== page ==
Product: Carry Phone
You’re out on a deserted beach with your favorite girl, nobody around for miles, nothing but sand, sun and sea — and suddenly your phone rings!
Groovy, man. It’s 1967 and the Carry Phone is the latest in portable technology. Weighing “only” 10 pounds and priced at just $3,000, the Carry Phone was predicted to “become as popular as the transistor radio.”
The old science magazines from the 1950s and ’60s were pretty far out with some of their predictions, but this article from a November 1967 Science & Mechanics was right on the money.
Of course, the phone had to get a little smaller. And the price had to come down a bit — that $3,000 price tag in today’s dollars would be a hefty $19,288.14.
But making a phone call from an airplane? Or while walking down the street? Yeah dude, I can dig it.
As the lady in the diner says after Meg Ryan’s famous O performance in When Harry Met Sally, “I’ll have what she’s having.” Honestly, who knew that gargling Listerine could be such a dreamy experience?
Product: h.i.s. Post-Grad Slacks
Oh my my my. There’s so much you could say about this ad, and yet it’s almost better to let it speak for itself. Published in a Playboy magazine at the tail end of the ’60s, it was intended to epitomize all that was cool.
Product: Zip codes, United States Postal Service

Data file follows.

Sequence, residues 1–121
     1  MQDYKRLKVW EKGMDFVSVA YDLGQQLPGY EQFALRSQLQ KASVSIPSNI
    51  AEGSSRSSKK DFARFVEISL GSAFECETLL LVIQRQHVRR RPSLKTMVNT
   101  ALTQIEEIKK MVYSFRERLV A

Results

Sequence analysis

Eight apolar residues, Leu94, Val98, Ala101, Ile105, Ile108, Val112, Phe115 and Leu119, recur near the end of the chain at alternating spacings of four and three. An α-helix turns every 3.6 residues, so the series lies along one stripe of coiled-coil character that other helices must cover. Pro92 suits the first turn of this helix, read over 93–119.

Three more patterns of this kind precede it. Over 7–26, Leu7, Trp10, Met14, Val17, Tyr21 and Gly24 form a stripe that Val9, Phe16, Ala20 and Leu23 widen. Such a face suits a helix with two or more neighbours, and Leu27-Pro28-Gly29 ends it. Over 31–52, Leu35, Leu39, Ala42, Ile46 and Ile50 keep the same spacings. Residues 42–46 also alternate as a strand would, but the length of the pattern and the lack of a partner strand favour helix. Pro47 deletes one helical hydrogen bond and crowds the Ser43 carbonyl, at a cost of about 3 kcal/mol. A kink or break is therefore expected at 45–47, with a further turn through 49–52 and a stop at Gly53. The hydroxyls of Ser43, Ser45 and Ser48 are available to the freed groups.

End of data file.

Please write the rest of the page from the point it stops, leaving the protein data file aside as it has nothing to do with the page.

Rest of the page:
Bet you thought the term “snail mail” was added to the popular lexicon when email went mainstream in the early 1990s and postal mail came to seem so old school. I know I did.
So imagine my surprise when I came across this 1969 ad from the United States Postal Service with a huge Snail Mail headline. The ad explains that mail without a zip code would move at a snail’s pace.
Zip codes became mandatory in the United States in 1963. Six years later, this ad shows there was still a problem with getting the public to use them.
Incidentally, though “zip” actually stands for Zone Improvement Plan, the acronym was chosen to underscore how much more quickly postal codes could move the mail.
Sorry the enlarged ad — the one that comes up when you click on the thumbnail — isn’t bigger. Normally I try to scan the ads at a large enough size to read all the text. But I scanned this ad a couple of years ago and it’s a smaller size.